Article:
Engineering success in a culture without rules
Mark Patrick of Mouser Electronics explains that open source hardware has democratised high technology, empowering those with creative goals to bypass traditional engineering barriers and start work directly on bringing inventive new concepts to fruition. In such a completely free environment, a trusted partner can make the difference between completion and confusion.
So, what is open source hardware? The open source philosophy has become firmly entrenched, not only among the maker community comprising enthusiasts and hobbyists, but also among professional engineers. Indeed, many engineers today may have found their calling after starting as young makers. The open source culture embraces affordable tools and hardware, promotes accessibility and ease of use. Through this it helps individuals to try out fresh ideas quickly and encourages peer interaction, as well as providing the freedom to modify and improve code or hardware to sustain the pace of progress.
Partly enabled by the success of open source software, such as popular embedded Linux distributions, open source hardware is a burgeoning field that puts suitable platforms into creative hands. Application developers can thus get started quickly without the support of an extensive team of hardware engineers, while those with ideas for making things can configure and modify - drawing on online software resources to bring their creations to life. As a generic term, ‘open source hardware’ can mean many things to many people. A detailed discussion can be found here at the opensource.com website.
Typically, open source hardware in the form of processor or microcontroller boards, expansion boards and modules are offered at low prices that encourage designers to get involved. Other resources such as software libraries, code examples and development tools are usually available free of charge under permissive licenses.
Major open source ecosystems
One of the most widely recognised open source ecosystems is Arduino. Users can choose from entry level offerings, such as the Uno, Leonardo or 101 boards. The 101 board is based on the low power Intel Curie module, and features an accelerometer, gyroscope and Bluetooth Smart connectivity - making it a good candidate for developing IoT devices. Projects that require extra processing power or extended on-board features can take advantage of Arduino boards such as the Mega, Zero or Due, which provide advanced features and faster processors. The Arduino Due is the first board in this ecosystem to feature a 32-bit ARM Cortex-M microcontroller.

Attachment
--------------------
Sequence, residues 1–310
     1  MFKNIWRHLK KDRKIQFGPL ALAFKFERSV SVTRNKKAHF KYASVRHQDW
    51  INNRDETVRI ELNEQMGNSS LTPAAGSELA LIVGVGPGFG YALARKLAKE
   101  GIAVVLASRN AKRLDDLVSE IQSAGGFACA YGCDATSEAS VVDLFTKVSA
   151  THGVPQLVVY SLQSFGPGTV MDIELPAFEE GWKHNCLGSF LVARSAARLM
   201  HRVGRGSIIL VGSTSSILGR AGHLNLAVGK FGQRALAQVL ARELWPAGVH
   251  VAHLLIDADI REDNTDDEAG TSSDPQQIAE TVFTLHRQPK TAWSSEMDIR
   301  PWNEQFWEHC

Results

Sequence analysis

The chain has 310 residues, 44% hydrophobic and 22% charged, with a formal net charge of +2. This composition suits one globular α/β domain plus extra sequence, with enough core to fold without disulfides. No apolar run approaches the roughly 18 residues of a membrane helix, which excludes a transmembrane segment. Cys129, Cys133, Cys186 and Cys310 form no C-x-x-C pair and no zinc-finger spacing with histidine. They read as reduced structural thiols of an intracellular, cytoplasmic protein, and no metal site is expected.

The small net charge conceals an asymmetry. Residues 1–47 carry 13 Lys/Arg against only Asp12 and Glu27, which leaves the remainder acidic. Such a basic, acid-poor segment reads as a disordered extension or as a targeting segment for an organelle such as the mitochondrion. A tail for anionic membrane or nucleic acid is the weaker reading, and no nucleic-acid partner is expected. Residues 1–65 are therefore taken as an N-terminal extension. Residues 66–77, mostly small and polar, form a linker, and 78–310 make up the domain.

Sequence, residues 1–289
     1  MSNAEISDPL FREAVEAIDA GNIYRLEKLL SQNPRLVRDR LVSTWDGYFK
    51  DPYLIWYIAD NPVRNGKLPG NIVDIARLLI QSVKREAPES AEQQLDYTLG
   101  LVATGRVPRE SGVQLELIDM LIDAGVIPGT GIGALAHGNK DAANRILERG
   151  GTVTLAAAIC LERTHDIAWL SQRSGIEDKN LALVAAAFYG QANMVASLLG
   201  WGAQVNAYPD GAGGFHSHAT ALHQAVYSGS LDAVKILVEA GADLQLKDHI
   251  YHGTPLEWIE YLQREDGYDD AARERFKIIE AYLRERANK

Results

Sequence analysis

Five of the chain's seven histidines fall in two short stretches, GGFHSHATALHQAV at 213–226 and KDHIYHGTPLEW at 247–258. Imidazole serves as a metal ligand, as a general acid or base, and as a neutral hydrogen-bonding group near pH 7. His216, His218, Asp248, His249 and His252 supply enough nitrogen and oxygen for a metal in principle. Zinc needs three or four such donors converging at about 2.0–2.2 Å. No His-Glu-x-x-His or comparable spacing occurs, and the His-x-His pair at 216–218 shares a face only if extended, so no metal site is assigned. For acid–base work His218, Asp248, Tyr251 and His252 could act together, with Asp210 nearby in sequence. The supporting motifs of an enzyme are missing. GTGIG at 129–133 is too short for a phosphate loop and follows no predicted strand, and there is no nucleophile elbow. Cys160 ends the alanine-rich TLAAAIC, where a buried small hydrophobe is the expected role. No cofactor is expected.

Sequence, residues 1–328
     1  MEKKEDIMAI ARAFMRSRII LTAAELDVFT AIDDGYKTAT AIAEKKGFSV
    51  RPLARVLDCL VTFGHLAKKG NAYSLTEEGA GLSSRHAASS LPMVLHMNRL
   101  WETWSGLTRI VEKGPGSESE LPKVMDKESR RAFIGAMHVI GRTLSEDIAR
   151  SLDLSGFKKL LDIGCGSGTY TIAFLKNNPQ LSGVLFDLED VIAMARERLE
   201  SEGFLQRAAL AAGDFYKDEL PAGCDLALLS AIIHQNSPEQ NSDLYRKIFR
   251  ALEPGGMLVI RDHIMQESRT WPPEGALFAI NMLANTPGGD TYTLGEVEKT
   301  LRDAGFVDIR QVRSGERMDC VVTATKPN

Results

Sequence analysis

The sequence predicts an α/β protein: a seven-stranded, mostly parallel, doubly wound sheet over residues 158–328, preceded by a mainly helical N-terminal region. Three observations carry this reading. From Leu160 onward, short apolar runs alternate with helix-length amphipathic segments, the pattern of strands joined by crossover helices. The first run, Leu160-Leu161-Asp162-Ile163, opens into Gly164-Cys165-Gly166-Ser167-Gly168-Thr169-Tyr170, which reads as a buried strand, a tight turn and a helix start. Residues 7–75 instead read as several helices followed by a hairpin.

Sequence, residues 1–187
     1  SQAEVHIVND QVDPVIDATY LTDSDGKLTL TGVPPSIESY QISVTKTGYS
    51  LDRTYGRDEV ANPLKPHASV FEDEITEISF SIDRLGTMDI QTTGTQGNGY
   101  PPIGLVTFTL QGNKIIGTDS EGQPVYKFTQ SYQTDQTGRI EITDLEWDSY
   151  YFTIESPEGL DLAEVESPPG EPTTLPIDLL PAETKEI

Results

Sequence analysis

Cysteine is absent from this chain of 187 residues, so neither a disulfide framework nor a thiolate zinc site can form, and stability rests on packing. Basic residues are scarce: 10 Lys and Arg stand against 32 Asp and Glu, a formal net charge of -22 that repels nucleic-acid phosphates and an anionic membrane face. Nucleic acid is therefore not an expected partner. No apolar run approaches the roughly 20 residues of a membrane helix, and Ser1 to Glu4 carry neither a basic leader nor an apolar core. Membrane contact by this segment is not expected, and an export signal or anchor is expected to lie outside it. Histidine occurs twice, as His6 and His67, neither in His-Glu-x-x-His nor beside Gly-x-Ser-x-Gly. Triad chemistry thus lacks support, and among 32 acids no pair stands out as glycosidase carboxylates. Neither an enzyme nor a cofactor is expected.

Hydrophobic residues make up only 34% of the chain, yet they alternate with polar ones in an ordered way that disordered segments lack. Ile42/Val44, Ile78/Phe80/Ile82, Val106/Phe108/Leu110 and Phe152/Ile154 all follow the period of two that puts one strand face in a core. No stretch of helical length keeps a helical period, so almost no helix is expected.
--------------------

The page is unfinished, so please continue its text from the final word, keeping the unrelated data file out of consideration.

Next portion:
Further functionality, such as a motor driver, USB interface, relays or an LCD screen, can be added using expansion boards (or shields). The Arduino shield concept has become so successful that it is widely adopted by third party shield vendors and other baseboard manufacturers. The Arduino ecosystem also contains IoT focused boards that feature built-in connectivity and can be further extended via WiFi, Ethernet or GSM shields.
Adafruit is one of the pioneers of the open source movement, and has a broad range of development boards and breakout boards focused on power efficiency and connectivity for applications like wearable electronics and IoT devices. Small and lightweight boards such as the communication oriented Feather and the wearable electronics targeted Flora are based on the Atmega32U4 processor and can be used with convenient development tools - like the Arduino IDE. Step-by-step guidance online helps users get started, including support for Windows developers to install the necessary drivers.
The Beagle ecosystem contains a variety of boards, including the original BeagleBone and later BeagleBone Black - both of which provide powerful processing capabilities by featuring a Texas Instruments Sitara ARM Cortex-A8 processor running at 720MHz and 1GHz respectively. These boards have a compact form factor, measuring 86mm x 53mm, and their functionality can be expanded in a similar way to Arduino, using function boards called Capes. Capes are produced by a variety of third party manufacturers, and a list is available online.
The BeagleBoard series now extends up to the BeagleBoard X-15 (introduced this year), which brings open source development to high performance embedded applications such as robots and media devices. It features a Sitara dual-core ARM Cortex-A15 processor with 2GB of DDR3 DRAM and 4GB of on-board Flash memory.
Whereas the Arduino, Adafruit and Beagle Board ecosystems are conceived and managed by independent organisations, the LaunchPad from Texas Instruments demonstrates how chip vendors themselves are now adopting open source principles to broaden access and encourage design starts using their own silicon. There are more than 20 development kits in this series, and users can choose from a variety of the company’s microcontrollers - including the low power MSP430, the high performing C2000 family, or the Hercules devices for use in fields such as industrial automation, medical equipment, power generation, automotive or aerospace.